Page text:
But Saraki, while reacting to the report, said the assets allegedly linked to him actually belonged to the family of his wife which he was not obliged to declare under the law.
He, however, said he had fully complied with the provisions of the law on the declaration of assets by public officers.
He stated this in a statement issued by his Special Adviser on Media and Publicity, Yusuph Olaniyonu.
Saraki said he had, in his different asset declarations, included properties owned individually by himself and his wife.
He explained that the property in question formed part of his wife’s family asset.
The statement partly read, “ It is public knowledge that Mrs. Saraki comes from a family of independent means and wealth with numerous and varied assets acquired over decades in family estates and investments.
“Furthermore, the law only requires a public officer to declare both his own assets and those held by his spouse and his children under 18 years of age. The law does not require a public officer to declare assets held by the spouse’s family.
“It is not expected by the law that a public officer should declare such assets held in the spouse’s family estate. Indeed, the Code of Conduct form does not make provision for declaration of spouse’s family assets.”
Other Africans named in the hidden assets scam included the nephew of embattled South African President Jacob Zuma, Khulubuse Zuma, Kalpana Rawal, the Deputy Chief Justice and Deputy President of Kenya’s Supreme Court.
Some Nigerians and civil right groups who reacted to the fresh scam called for the prosecution of anybody involved in such an illegal transfer of funds.
The Executive Director of CISLAC, Auwal Musa- Rafsanjani, in a telephone interview with The PUNCH, in Abuja, said civil society had for the past 18 years clomoured for a thorough investigation of individuals and corporate organizations such as banks and construction companies that had been used as conduits to fritter away our common patrimony.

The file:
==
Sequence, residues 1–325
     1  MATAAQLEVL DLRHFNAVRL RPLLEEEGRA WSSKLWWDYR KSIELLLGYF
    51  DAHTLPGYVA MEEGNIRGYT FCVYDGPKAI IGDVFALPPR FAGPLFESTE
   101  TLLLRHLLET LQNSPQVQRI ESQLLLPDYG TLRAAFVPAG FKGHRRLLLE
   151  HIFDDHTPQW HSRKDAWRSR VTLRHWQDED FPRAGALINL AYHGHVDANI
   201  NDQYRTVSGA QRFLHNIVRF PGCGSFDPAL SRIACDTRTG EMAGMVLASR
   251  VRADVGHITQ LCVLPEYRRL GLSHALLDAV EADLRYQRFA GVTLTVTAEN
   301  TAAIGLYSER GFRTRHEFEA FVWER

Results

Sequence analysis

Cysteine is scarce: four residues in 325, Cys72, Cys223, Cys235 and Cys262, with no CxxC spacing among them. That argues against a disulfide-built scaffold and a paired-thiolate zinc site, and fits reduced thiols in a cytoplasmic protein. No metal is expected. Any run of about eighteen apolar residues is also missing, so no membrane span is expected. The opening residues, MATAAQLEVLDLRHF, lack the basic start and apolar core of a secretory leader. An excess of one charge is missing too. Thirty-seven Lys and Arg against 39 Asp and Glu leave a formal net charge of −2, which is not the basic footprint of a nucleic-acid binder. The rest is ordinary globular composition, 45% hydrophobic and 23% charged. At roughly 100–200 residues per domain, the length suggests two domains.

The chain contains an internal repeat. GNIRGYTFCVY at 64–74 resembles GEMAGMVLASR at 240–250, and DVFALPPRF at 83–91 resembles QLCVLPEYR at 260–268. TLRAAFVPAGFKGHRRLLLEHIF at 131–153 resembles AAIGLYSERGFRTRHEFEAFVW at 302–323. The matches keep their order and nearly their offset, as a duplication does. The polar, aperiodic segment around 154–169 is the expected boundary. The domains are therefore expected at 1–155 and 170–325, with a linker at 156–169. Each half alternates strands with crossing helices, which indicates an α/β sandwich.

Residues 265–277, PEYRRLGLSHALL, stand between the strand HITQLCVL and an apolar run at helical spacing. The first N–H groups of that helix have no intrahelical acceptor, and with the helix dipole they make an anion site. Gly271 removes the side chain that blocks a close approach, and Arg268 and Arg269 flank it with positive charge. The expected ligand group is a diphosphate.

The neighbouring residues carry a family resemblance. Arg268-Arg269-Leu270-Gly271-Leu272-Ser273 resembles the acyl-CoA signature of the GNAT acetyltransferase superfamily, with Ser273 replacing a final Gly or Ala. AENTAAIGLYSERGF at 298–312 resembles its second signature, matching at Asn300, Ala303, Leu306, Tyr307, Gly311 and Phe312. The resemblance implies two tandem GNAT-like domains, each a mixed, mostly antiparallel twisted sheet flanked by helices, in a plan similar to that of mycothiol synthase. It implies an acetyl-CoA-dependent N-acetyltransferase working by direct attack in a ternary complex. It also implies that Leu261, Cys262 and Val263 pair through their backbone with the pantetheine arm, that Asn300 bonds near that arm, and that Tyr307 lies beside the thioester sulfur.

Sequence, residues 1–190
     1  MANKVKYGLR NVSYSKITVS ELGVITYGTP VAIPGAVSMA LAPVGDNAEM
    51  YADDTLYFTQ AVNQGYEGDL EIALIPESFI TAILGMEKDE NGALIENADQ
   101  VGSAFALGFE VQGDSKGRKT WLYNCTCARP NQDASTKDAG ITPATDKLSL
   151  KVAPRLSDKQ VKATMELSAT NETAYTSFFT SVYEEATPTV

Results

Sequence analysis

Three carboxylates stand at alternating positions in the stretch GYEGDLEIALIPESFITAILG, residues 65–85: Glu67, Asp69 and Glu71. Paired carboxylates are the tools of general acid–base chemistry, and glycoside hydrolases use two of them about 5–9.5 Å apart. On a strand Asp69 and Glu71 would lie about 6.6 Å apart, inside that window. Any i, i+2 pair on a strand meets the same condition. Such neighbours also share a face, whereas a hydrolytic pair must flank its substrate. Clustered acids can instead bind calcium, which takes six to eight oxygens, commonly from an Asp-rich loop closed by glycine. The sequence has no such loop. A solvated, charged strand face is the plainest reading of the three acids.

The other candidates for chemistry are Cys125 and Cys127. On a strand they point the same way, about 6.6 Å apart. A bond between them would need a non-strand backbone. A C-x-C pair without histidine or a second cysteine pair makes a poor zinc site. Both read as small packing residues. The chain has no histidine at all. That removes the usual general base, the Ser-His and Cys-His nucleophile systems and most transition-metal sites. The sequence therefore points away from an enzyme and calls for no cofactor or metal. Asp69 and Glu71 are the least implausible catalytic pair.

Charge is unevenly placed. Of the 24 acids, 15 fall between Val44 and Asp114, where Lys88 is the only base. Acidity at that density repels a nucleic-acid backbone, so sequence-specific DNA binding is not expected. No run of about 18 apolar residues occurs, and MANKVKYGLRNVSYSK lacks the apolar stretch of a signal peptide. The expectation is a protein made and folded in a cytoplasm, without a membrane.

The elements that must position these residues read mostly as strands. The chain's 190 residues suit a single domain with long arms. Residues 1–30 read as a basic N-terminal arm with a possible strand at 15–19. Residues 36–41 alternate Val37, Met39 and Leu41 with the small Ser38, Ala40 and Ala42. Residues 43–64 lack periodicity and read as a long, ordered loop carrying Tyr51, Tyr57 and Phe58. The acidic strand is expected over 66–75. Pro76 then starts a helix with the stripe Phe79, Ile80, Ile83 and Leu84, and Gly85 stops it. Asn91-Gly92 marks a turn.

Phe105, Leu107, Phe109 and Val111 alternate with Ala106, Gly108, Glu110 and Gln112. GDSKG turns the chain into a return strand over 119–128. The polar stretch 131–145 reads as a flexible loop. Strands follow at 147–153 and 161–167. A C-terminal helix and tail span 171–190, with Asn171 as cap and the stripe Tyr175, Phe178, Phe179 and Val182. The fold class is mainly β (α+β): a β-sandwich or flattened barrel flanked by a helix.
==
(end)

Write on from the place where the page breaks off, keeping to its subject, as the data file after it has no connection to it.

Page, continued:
The Executive Chairman of the Coalition Against Corrupt Leaders, Mr. Debo Adeniran, said the group could no longer be shocked by any such a revelation, given that the Saraki’s family had been in public office for long and had had for long had access to the country’s resources.
Also, a former Lagos State Police Commissioner, Alhaji Abubakar Tsav, said it was time Nigeria tightened its anti-corruption/ money laundering laws.
He noted that our laws as they were appear to threat economic crimes with levity.
According to him, it is sad that most of our government officials both elected and appointed think more of enriching themselves as soon as they enter office instead of working for the common good.
Tsav said, “The best thing our government can do now is to strengthen our laws to prevent people who stole our common wealth from taking such monies abroad either by themselves or through proxies using offshore accounts.
A security expert, Max Gbanite has said that the United Kingdom law could take its course against Saraki, if it was proven that he had hidden properties and bank accounts in London.
Gbanite said, “If he (Saraki) was found to have hidden properties in UK, the UK law should take its course, if the Federal Government gets a good lawyer. The corruption cases cannot go far if there is no special court and they must not take longer than six months. The EFCC forensic department is capable of finding out if the properties belong to Saraki and this could be proved in court.”
The Executive Director of the Civil Liberties Organisation, Mr. Ibuchukwu Ezike, said the disclosure by the International Consortium of Investigative Journalists remained a rumour until properly investigated by authorised agencies.
Ezike said, “Whatever allegations that are being made, the matter is already in court; so, until the court decides on the matter, we cannot have a contrary opinion. We await the outcome of the case.
“The International Consortium of Investigative Journalists is not a prosecuting agency, whatever they say is still like a rumour; they don’t have the power to file charges or prosecute and we know that the matter is in court, we cannot intervene or meddle in a matter that is already in court. The CLO is a law-abiding organisation, we cannot say or do anything that will interfere with the judicial process.”